Central Bank 'has wrecked' house market for all buyers
Environment chief Alan Kelly says 'perfect storm' in housing can be blamed on tough deposit rules
Published 25/10/2015 | 02:30
Environment Minister Alan Kelly has blamed the Central Bank for the "perfect storm" that has caused the current housing crisis.
In an exclusive interview with the Sunday Independent, Mr Kelly said the tough 20pc deposit rules introduced by the Central Bank have had a devastating impact on the housing sector.
Speaking in the wake of Philip Lane's appointment as the new governor of the Central Bank, Mr Kelly says something must be done to address the "number one" problem in the country.
"Given the Central Bank rules, it means pressure from the top and it means that people are being squeezed out, they can't afford it. Now, that's not acceptable," he said.
He said that while he welcomed intervention in order to prevent another bubble, the bank's new rules have "absolutely hammered" house building in the capital.
"It has absolutely hammered housing construction in Dublin, where they seem to have downed tools. Some of that is because builders paid heavy prices for land during the boom and are still being greedy and expecting boom-time profits," he said.
Mr Kelly was speaking as it was reported that the number of houses being built in Dublin is falling with just 2,057 being built last year. This is well short of the 8,000 a year needed in Dublin.
He said as a result there is a generation of people who are now being forced to rent and this is driving family homelessness.
"There is now a generation of people who have to rent while trying to save for a deposit and this is heaping pressure on the private rental sector which is causing family homelessness. There is a supply-line of social housing construction underway - but the private sector is not responding to demand," he said.
He said the Government is keen to ensure developers and builders are encouraged to build houses, primarily starter homes valued at under €300,000 in Dublin.
"What that means is we need to ensure that developers, builders, are going to build houses in Dublin that my generation and those younger than me can actually afford, in the €300,000 bracket, because the largest amount of development that's going on in Dublin is at a scale that's beyond that," he said.
He said the Central Bank rules are probably the right long-term policy, but short-term "we are paying a heavy price, with people falling out of the rental sector. This is what I was fearful of when the rules came in," he said.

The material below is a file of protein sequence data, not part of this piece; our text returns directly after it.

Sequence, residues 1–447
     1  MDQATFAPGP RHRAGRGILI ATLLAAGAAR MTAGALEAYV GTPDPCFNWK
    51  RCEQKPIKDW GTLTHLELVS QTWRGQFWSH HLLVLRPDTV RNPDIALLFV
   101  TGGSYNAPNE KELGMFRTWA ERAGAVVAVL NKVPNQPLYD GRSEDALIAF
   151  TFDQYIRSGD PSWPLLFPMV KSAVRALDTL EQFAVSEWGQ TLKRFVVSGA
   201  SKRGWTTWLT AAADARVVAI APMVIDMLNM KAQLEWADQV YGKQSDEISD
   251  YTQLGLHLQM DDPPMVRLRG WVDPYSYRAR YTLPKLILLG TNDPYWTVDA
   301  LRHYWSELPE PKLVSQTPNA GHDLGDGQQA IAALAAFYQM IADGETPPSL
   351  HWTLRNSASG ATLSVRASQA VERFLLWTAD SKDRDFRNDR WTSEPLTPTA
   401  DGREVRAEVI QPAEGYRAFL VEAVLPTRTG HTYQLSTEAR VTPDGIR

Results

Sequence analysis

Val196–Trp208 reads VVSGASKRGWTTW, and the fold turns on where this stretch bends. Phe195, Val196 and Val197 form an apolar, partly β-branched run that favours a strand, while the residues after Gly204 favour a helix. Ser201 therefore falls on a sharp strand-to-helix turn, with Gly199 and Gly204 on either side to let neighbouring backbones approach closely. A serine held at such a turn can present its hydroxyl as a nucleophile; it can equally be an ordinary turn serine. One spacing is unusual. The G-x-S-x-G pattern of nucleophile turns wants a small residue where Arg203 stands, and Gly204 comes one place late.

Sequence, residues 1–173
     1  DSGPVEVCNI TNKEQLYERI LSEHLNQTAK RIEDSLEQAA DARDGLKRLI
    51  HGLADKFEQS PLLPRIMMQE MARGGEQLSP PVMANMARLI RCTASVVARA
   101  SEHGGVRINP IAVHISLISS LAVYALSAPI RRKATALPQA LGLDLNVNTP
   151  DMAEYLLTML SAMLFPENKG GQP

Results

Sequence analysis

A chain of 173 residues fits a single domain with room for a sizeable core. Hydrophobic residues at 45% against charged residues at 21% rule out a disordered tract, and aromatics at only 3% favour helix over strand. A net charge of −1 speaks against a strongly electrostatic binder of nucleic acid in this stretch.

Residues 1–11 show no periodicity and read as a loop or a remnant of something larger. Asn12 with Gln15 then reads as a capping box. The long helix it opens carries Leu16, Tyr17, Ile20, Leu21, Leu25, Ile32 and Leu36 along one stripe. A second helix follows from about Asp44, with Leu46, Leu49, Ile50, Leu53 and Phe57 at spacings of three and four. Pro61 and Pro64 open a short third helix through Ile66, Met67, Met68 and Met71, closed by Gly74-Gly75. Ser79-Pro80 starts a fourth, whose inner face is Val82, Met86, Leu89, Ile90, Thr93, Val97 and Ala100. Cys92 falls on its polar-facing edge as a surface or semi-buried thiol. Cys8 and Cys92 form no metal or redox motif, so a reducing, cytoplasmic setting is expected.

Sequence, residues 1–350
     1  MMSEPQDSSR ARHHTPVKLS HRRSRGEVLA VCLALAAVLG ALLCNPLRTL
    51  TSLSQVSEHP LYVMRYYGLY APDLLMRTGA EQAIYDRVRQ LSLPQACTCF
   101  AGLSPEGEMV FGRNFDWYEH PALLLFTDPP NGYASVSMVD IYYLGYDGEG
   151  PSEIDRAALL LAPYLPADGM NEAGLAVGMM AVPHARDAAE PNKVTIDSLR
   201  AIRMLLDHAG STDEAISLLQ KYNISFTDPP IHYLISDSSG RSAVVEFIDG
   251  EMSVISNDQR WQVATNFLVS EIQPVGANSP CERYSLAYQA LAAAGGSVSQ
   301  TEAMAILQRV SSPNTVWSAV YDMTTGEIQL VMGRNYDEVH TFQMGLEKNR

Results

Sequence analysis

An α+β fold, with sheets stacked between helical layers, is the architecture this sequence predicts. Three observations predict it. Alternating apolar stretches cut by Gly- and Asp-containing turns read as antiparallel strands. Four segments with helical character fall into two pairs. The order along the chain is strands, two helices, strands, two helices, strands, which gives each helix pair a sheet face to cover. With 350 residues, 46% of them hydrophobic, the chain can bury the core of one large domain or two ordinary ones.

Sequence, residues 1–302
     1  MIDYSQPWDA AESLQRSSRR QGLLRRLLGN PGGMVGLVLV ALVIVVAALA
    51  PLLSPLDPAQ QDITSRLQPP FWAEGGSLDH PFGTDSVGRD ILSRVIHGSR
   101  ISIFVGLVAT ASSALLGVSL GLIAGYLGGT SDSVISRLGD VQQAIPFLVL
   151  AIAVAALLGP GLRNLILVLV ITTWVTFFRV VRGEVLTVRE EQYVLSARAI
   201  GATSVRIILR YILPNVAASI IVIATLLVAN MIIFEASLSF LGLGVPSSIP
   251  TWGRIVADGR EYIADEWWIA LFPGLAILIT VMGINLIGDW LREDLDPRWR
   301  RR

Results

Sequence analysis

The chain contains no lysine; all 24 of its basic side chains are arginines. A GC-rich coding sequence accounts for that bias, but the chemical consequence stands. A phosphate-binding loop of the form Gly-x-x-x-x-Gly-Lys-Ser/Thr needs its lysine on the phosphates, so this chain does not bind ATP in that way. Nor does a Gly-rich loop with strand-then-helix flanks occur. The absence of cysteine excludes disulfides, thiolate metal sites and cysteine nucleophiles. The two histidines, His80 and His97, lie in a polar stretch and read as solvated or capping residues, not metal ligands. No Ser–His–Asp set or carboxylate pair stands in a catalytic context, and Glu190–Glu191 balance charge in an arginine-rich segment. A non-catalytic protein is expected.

But he warned that such is the perfect storm, the country runs the risk of over-building homes in counties surrounding Dublin rather than building in Dublin itself.
"The other thing is from a development side. We are now building more houses in Kildare than in Dublin. That means infrastructure has to be built. We're just basically going to end up repeating the same problems as we had before," he said.
Speaking yesterday, Mr Lane said he was not in a position to comment on the 20pc rule and would not be speaking publicly until he formally takes up his new role.
Mr Kelly has also lashed out at Government officials who he said "need to wake up" to the crisis, accusing many of them of being out of touch. "The level of seriousness of this issue is certainly at a political level, but I think some people at certain officialdoms need to wake up to this. They need to understand it because it doesn't affect them in their daily lives," he said.
Mr Kelly also criticised developers who are refusing to build because of what he sees as "bizarre" profit expectations. "There are big problems, legacy issues, expectations of developers are in some cases bizarre, the profit levels that they think they'll meet," he added.
Mr Kelly said he is still committed to plans for delivering rent certainty with Minister Michael Noonan and hopes to announce them before Christmas. He also denied reports of a major spat with Mr Noonan in the run-up to the Budget.
"I've never had a row with Michael Noonan in my life. He will verify the same thing. I've never had an angry word with the man in my life. So it's complete and utter rubbish," he said.
Mr Kelly was also deeply critical of his immediate predecessor and now EU Commissioner Phil Hogan.
"Being frank, I was given the biggest hospital pass in the history of modern politics," he said. "In terms of issues, I have said the man should have done more, I still stand by that, I think he should have done better," Mr Kelly said of Mr Hogan.